“We talked on the phone and worked up the few songs we were going to do,” said Mattea. “It’s like a 45-minute show of talking and singing. We got together like 30 minutes before, and worked out all the parts, and did it. And I looked at her and said, ‘You know, I’d get on a plane to go do this. This was really, really fun.’ And she’s like, ‘Well, you want to?’ ”


Kathy Mattea, left, with Suzy Bogguss.

Most “Songwriters in the Round”-style shows are one-time things. But since this is a tour, the songs have evolved in a way that isn’t always possible for this kind of show.

“Suzy pushed me,” said Mattea. “She was like, ‘All right, you need to come up with a (guitar) solo for blah, blah, blah.’ And I’m like, ‘Okay, I’ll go home and work on that.’ And she was like, ‘Okay, I have a solo for this. You have to tell me if you like it or not.’ So she subtly pushed me to do some things onstage that I might not normally think to do.

“Both of us are solid rhythm guitar players, but neither one of us are soloists, so it’s not always perfect. But our audiences have come to appreciate that. We’re trying to stretch ourselves a little bit. And it’s not about perfection. If one of us messes up a guitar solo, I’ll look at her or she’ll look at me and say, ‘You want another run at it?’ And we’ll start all over again. I think the audience can tell we’re not being too precious about it.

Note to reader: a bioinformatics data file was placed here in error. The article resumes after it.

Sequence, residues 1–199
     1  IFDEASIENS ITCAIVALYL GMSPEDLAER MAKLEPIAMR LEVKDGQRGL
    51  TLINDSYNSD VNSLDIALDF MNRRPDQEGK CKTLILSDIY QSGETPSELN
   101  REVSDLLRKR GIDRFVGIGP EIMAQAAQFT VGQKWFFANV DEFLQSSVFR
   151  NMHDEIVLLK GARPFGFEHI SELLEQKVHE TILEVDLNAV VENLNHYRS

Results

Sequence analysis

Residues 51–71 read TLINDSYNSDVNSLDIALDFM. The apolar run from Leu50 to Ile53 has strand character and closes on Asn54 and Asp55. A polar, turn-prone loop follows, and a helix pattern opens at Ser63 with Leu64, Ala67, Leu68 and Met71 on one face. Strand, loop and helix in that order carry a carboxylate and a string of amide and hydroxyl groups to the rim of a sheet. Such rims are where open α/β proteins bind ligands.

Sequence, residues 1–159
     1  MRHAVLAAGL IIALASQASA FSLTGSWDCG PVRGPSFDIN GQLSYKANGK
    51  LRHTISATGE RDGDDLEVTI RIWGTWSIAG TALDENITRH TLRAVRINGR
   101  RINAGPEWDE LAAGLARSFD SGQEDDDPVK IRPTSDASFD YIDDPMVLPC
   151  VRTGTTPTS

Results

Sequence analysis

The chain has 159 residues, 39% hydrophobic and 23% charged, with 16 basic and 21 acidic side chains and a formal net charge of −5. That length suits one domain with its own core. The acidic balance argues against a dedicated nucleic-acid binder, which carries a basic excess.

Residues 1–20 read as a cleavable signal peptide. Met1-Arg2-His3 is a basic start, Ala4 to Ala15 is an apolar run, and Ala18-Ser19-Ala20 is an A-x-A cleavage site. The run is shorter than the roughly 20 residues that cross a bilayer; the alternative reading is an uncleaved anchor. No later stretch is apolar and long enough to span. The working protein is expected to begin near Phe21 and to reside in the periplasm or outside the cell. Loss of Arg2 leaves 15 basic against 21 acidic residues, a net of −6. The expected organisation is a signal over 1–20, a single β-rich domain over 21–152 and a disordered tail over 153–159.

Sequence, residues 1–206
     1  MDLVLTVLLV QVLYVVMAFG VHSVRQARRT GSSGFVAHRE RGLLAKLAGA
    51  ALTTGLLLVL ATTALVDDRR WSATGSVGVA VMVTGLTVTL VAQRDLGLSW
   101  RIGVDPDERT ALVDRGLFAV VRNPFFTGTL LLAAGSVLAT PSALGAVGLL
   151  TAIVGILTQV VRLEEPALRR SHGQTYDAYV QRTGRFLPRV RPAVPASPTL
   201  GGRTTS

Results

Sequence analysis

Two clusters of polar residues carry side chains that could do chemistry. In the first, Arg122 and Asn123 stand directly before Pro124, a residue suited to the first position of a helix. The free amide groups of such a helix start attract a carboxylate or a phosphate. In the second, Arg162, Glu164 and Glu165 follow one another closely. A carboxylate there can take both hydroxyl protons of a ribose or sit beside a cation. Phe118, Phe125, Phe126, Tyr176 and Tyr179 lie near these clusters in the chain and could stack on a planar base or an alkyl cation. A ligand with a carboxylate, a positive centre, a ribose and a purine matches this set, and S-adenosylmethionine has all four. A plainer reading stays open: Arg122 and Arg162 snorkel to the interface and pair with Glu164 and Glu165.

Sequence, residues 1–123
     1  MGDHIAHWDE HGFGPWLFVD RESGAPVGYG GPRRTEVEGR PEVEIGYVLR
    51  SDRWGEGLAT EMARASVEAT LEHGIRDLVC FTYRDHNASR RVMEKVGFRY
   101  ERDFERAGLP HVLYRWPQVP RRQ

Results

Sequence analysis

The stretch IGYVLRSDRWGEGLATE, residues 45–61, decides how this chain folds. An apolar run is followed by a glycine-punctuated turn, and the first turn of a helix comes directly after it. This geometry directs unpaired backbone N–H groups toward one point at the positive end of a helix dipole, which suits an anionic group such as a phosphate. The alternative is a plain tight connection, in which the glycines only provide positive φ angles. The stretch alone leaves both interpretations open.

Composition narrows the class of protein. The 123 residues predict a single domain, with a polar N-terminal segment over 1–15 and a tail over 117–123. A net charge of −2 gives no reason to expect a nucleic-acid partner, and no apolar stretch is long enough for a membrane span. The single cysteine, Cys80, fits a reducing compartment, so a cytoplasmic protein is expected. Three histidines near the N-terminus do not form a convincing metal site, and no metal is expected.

“The other thing that works well for us is, our voices are in different registers. So the harmonies flow very naturally. When I’m singing high harmony, it’s easy for her. And sometimes she sings low harmony: she’s got really good range. And the fun thing now is, we’ve settled in enough that we know where the parts sit and so we can lean in a little more. Even Doug (Crider), her husband, who does sound for us, he’s like, ‘I can hear that y’all are really starting to glue into each other’s phrasing and sensibilities about the more subtle ways of doing the song.’ ”

Both Mattea and Bogguss have had hits with songs written by the late Nanci Griffith: Mattea with “Love at the Five and Dime” in 1986, and Bogguss with “Outbound Plane” (co-written by Griffith and Tom Russell) in 1991. They have been doing both songs at these shows, as well as “Gulf Coast Highway,” co-written by Griffith, James Hooker and Danny Flowers.